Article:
After August's surprising tumble in Markit's PMIs (Services much more so than Manufacturing), analysts expected that trend to continue in preliminary September data (albeit at a far more gradual rates), all of which fits with the ongoing trend of collapse in actual macro-economic data relative to over-optimistic expectations.
The actual prints were worse than expected:
Markit US Manufacturing fell to 60.5 in early Sept from 61.1 in August (below the 61.0 expected)
Markit US Services fell to 54.4 in early Sept from 55.1 in August (below the 54.9 expected) - a 14-month low
On the price front, input costs rose at a sharper pace during September.
The rate of cost inflation was the quickest for four months, and the second-highest on record, as supply chain disruptions and material shortages pushed prices and transportation costs up.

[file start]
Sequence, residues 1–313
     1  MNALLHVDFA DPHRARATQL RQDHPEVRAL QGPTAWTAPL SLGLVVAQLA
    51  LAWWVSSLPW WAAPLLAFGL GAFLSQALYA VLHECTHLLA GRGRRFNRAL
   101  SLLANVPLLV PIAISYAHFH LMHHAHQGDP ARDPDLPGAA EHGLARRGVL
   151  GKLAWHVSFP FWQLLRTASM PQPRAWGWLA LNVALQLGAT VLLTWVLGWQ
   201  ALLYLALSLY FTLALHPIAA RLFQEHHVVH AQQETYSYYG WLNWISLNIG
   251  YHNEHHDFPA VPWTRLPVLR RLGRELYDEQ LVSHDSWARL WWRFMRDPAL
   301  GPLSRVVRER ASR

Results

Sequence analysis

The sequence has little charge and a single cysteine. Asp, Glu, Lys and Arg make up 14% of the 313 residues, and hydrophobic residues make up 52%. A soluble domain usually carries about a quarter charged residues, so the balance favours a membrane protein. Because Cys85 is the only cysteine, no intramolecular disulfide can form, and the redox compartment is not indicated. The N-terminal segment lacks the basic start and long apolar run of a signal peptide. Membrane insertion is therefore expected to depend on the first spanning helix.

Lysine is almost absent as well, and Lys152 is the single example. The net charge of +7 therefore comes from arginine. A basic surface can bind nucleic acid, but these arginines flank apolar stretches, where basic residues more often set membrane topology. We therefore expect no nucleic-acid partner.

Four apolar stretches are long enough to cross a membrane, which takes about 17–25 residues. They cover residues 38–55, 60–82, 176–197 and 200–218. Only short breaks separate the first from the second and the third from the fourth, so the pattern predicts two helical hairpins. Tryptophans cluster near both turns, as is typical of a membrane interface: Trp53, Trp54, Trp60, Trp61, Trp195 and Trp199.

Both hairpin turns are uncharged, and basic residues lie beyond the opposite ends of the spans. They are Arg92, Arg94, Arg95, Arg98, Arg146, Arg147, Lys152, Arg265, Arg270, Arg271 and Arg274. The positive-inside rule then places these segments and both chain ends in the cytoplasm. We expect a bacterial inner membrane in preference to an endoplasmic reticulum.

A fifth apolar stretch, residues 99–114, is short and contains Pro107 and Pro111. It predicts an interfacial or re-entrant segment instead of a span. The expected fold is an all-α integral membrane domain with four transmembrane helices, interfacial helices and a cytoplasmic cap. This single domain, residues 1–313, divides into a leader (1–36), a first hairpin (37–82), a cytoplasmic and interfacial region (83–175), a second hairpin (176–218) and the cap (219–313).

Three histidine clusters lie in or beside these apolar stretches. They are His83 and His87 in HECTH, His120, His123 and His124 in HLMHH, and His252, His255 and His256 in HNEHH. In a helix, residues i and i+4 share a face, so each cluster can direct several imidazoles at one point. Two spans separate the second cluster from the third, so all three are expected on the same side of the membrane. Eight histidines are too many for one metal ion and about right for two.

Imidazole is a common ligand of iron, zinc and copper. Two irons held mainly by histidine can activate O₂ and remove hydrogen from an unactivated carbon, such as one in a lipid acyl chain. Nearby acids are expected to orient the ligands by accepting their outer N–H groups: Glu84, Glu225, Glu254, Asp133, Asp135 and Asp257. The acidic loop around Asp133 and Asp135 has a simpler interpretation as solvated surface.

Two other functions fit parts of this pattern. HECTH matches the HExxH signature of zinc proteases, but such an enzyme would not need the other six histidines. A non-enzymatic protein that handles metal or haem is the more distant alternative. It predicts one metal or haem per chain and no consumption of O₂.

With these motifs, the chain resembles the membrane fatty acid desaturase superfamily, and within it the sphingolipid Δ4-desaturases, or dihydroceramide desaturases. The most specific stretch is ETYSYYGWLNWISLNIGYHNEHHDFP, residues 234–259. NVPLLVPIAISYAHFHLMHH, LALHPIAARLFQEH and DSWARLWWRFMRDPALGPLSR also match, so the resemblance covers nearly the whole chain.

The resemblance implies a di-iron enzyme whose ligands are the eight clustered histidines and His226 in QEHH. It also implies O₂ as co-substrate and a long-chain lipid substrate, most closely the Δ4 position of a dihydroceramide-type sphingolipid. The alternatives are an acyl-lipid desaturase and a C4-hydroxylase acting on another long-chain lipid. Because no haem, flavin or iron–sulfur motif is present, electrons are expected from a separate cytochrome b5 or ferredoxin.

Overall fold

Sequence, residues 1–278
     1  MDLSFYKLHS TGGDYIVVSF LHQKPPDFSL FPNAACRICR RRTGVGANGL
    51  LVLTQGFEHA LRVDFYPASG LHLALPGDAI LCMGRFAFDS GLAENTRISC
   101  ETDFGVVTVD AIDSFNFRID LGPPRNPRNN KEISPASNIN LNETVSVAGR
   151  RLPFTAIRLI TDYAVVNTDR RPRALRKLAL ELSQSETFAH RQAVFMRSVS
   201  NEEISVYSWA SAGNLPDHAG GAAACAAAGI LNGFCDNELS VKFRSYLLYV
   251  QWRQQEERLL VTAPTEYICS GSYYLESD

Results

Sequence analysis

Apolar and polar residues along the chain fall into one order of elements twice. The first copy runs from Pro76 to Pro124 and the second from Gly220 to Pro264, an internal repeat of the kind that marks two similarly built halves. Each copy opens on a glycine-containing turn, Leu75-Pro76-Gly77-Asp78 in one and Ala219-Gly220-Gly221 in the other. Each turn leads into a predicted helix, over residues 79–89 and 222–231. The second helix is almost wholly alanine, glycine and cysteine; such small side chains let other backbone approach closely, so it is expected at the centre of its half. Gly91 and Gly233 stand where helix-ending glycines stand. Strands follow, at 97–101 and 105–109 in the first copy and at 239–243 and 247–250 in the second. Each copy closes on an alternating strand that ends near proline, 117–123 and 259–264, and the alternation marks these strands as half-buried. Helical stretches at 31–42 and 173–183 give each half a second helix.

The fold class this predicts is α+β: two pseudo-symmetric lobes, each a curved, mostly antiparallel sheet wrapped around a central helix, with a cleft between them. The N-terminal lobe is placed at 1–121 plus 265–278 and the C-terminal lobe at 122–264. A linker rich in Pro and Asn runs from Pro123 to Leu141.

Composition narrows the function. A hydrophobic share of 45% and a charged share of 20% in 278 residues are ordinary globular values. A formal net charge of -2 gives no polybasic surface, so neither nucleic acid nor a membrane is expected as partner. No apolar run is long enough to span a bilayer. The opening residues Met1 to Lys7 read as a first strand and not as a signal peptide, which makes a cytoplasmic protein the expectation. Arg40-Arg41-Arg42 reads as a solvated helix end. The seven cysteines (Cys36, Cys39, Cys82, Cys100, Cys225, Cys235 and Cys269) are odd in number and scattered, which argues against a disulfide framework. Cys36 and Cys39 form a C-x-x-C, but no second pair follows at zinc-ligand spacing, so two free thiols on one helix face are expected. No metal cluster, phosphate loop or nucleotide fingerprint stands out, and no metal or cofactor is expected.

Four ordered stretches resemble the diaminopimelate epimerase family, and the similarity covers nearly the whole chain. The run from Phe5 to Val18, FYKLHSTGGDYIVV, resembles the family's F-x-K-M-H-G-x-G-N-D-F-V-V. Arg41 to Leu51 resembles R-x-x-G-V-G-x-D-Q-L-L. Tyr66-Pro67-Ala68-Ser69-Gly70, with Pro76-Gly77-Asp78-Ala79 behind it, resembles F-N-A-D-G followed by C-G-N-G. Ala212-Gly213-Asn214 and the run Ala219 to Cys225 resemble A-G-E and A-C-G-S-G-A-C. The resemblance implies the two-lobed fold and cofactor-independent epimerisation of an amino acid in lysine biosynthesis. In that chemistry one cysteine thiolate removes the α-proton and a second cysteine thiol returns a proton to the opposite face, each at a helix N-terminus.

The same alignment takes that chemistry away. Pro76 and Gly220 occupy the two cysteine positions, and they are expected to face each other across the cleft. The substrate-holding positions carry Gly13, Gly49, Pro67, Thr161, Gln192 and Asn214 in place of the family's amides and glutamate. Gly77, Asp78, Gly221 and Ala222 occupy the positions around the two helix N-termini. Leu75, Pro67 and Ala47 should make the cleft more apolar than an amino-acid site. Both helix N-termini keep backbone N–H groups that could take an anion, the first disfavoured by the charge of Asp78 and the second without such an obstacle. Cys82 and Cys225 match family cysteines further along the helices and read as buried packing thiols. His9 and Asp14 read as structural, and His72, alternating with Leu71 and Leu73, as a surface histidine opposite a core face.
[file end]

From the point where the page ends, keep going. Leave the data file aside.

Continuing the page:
Output charges continued to increase markedly, continuing to rise at a pace far outstripping anything seen in the survey’s history prior to May, as firms sought to pass on higher costs to clients where possible.
The flash US Composite PMI tumbled to 54.5 (below expectations) - its weakest in 12 months...
Commenting on the PMI data, Chris Williamson, Chief Business Economist at IHS Markit, said:
“The pace of US economic growth cooled further in September, having soared in the second quarter, reflecting a combination of peaking demand, supply chain delays and labour shortages.
“The slowdown was led by a cooling of demand in the service sector, linked in part to the Delta variant spread. However, while manufacturers have seen far more resilient demand, factories face growing problems in sourcing enough supplies and labour to meet orders. Supply chain delays show no signs of easing, with another near-record lengthening of delivery times in September. Hence factory output growth also weakened and order book backlogs rose at a record pace in September.
“The upshot is yet another month of sharply rising prices charged for goods and services as demand outpaces supply, and higher costs are passed on to customers.”
So economic growth is cooling but prices are still soaring...
Cough "stagflation" cough.